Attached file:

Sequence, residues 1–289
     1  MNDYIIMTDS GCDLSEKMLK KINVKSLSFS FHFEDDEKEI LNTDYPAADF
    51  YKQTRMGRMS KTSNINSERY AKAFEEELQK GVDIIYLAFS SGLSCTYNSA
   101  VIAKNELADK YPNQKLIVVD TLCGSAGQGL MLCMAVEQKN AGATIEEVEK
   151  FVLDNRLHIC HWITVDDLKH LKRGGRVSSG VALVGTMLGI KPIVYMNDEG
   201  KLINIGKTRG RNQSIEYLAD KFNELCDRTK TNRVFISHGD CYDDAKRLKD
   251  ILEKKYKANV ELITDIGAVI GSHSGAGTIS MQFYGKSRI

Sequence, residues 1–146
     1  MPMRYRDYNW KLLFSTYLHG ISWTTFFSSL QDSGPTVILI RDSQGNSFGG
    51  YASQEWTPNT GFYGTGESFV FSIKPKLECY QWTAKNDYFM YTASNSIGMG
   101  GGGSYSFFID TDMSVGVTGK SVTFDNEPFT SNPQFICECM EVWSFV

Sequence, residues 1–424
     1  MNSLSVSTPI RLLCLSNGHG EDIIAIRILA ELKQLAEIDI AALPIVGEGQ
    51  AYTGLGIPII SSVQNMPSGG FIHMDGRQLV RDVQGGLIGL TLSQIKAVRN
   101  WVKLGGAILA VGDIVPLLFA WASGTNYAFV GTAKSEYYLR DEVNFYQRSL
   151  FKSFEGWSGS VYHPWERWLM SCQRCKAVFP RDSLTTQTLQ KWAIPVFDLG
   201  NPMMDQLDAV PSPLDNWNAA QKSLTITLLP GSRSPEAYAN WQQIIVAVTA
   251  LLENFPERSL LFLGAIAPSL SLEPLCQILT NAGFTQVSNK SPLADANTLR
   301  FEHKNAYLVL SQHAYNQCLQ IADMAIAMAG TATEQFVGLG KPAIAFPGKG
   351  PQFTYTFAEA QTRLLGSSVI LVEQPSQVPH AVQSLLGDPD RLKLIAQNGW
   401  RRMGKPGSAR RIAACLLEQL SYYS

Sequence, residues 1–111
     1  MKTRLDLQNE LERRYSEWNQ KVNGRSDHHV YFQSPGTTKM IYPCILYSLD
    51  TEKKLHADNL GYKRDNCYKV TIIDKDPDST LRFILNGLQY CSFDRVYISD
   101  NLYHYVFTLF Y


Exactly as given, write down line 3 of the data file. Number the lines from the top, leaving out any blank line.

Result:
    51  YKQTRMGRMS KTSNINSERY AKAFEEELQK GVDIIYLAFS SGLSCTYNSA